Steve Jobs (February 24, 1955 – October 5, 2011)
Walter Isaacson's authorized biography of Apple founder Steve Jobs, published in 2011, documents Jobs's use of marijuana and LSD in his youth.
"I got stoned for the first time that summer. I was fifteen, and then began using pot regularly," Jobs told Isaacson about the summer between his sophmore and junior years at school. By his senior year, he said, "I was starting to get stoned a bit more. We would also drop acid occasionally, usually in fields or cars."
Of one experience in a wheat field, Jobs said, "It was great. I had been listeneing to a lot of Bach. All of a sudden the wheat field was playing Bach. It was the most wonderful feeling of my life up to that point. I felt like the conductor of this symphony with Bach coming through the wheat."
During this time, "I started to listed to music a whole lot, and I started to read more outside of just science and technology--Shakespeare, Plato. I loved King Lear," Jobs said. His other favorites included Moby Dick and the poems of Dylan Thomas.
In college, Jobs became a serious student and practitioner of Zen Buddhism and meditation. "I came of age at a magical time," he reflected later. "Our consciousness was raised by Zen, and also by LSD."
Telling people they couldn't understand him if they weren't "experienced," Jobs emphasized, "Taking LSD was a profound experience, one of the most important things in my life. LSD shows you that there's another side to the coin, and you can't remember it when it wears off, but you know it. It reinforced my sense of what was important--creating great things instead of making money, putting things back into the stream of history and of human consciousness as much as I could."
Isaacson, who also wrote biographies of Benjamin Franklin and Albert Einstein, called Jobs "a creative entrepreneur whose passion for perfection and ferocious drive revolutionized six industries: personal computers, animated movies, music, phones, tablet computing, and digital publishing....In addition, he opened a new market for digital content based on apps rather than just websites...In August 2011, right before he stepped down as CEO, the enterprise he started in his parents' garage became the world's most valuable company."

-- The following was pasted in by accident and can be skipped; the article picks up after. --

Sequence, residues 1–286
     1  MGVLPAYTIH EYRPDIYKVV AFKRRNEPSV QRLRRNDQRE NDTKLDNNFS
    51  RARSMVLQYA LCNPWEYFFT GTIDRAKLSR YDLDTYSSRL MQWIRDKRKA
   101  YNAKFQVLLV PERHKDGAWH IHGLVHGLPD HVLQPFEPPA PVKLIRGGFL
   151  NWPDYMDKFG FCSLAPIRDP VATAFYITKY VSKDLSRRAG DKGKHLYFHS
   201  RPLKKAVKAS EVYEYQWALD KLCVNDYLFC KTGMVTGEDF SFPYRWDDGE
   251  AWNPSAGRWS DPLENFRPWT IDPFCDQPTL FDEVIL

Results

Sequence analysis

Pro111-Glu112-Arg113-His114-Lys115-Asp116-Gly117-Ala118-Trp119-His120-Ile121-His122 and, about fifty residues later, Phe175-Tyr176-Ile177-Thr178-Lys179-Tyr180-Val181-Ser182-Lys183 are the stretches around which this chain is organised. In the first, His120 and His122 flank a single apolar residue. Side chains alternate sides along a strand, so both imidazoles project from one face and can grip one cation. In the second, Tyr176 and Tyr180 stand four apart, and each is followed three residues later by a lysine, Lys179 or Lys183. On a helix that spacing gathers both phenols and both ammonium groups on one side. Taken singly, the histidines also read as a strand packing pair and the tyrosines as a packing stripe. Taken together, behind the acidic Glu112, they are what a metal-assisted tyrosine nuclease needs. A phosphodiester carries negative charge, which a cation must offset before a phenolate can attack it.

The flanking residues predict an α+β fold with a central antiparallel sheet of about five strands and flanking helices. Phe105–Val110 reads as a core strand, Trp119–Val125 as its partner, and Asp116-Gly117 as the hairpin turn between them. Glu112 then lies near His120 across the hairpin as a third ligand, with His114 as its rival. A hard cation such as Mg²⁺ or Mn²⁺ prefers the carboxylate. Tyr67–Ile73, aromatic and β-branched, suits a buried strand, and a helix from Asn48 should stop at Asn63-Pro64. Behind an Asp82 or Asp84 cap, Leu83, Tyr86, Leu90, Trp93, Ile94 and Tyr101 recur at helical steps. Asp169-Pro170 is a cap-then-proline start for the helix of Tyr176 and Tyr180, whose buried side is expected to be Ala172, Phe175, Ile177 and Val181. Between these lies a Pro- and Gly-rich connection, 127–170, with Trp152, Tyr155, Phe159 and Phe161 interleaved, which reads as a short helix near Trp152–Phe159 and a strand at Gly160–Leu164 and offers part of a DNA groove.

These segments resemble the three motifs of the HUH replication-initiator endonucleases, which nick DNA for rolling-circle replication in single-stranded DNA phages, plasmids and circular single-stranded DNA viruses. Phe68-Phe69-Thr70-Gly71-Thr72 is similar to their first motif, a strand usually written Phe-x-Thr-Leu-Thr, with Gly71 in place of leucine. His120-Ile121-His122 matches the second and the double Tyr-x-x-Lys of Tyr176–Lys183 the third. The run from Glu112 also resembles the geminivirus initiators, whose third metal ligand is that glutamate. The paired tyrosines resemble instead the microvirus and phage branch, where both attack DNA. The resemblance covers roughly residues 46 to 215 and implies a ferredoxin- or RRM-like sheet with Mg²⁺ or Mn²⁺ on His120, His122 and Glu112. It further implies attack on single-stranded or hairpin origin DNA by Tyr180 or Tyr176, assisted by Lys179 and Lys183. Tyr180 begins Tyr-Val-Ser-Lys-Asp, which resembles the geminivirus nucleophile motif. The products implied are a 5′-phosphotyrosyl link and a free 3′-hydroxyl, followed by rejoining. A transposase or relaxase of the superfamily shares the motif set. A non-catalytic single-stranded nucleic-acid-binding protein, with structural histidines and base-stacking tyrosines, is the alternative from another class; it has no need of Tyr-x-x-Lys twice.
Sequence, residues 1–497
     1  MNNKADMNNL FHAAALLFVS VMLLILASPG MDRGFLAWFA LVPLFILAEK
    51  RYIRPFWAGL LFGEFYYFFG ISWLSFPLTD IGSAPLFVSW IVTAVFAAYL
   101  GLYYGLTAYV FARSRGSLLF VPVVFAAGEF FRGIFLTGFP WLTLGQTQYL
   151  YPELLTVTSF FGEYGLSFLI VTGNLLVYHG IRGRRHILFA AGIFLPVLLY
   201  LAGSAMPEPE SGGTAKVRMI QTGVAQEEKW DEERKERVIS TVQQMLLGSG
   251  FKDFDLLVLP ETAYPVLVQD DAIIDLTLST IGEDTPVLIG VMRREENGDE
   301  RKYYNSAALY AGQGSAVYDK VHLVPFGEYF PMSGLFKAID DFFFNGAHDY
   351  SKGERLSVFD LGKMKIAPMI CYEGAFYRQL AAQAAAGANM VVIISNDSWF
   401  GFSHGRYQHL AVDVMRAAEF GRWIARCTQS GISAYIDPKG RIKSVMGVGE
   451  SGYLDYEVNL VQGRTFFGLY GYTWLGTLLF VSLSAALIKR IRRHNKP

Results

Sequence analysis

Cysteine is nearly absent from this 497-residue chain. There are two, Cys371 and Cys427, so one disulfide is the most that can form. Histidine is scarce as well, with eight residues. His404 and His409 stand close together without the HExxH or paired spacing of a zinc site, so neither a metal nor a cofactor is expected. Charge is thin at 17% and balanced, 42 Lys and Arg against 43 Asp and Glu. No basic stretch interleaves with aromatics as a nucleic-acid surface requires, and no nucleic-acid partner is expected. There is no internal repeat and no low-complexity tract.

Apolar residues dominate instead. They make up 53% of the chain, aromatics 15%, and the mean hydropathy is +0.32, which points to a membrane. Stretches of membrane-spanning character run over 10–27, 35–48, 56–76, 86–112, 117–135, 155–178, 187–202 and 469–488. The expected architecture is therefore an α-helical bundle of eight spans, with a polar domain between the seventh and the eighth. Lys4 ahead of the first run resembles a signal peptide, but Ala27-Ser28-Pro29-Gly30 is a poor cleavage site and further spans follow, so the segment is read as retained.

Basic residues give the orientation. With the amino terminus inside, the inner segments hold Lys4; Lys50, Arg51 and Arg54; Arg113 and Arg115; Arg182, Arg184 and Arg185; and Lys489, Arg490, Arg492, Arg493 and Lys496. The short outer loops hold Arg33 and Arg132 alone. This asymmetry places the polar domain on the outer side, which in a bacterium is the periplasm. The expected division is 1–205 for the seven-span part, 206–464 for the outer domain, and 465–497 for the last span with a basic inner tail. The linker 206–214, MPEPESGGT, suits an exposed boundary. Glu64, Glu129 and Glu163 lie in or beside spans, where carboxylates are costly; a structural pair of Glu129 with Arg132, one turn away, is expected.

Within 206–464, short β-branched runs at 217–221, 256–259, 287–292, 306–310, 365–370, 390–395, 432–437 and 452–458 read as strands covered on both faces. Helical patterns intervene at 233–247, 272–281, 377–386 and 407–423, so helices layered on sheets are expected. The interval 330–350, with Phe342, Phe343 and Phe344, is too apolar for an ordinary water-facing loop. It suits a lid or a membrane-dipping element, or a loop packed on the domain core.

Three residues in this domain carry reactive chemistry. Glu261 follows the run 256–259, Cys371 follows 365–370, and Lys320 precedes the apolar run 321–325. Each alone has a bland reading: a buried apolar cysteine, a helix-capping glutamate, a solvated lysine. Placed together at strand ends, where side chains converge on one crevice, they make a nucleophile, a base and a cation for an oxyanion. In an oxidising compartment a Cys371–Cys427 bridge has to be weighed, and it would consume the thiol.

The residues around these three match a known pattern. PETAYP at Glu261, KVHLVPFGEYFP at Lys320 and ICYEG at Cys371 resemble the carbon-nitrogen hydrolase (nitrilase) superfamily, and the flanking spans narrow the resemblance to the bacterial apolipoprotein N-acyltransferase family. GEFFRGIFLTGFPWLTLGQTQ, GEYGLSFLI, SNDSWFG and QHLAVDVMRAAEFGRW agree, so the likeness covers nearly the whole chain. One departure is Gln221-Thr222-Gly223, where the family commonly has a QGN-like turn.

Isaacson adds, "At a time when the United States is seeking ways to sustain its innovative edge, and when societies around the world are trying to build creative digital-age economies, Jobs stands as the ultimate icon of inventiveness, imagination, and sustained innovation. He knew that the best way to create value in the twenty-first century was to connect creativity with technology, so he built a company where leaps of the imagination were combined with remarkable feats of engineering. He and his colleagues at Apple were able to think differently."
Apple dropped the "-ly" from "different" for its iconic "Think Different" ad campaign, which featured VIPs Pablo Picasso, Bob Dylan, Ted Turner, Richard Feynman and John Lennon. The ad copy ran: "Here’s to the crazy ones. The misfits. The rebels. The troublemakers. The round pegs in the square holes. The ones who see things differently. They’re not fond of rules. And they have no respect for the status quo. ...They push the human race forward....Because the people who are crazy enough to think they can change the world, are the ones who do."
At a time when politicians and pundits are scaremongering about a potentially "stoned" workforce unable to compete with other countries in a legalized future, it's important to note that the US's most productive industry was started by stoners Bill Gates and Steve Jobs. Silicon Valley remains high on pot, and innovation. When our other pot-friendly and productive industry, based in Hollywood, took on Jobs, the actor chosen to play him was Aston Kutcher, the stoner/jock from "That 70s Show" who outed the Bush twins as pot smokers in a 2005 Rolling Stone interview.